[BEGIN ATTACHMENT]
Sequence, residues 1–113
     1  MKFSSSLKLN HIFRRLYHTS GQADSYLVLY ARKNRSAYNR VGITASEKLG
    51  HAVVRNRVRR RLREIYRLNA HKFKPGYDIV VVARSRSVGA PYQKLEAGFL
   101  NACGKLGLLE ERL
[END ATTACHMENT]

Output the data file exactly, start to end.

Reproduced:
Sequence, residues 1–113
     1  MKFSSSLKLN HIFRRLYHTS GQADSYLVLY ARKNRSAYNR VGITASEKLG
    51  HAVVRNRVRR RLREIYRLNA HKFKPGYDIV VVARSRSVGA PYQKLEAGFL
   101  NACGKLGLLE ERL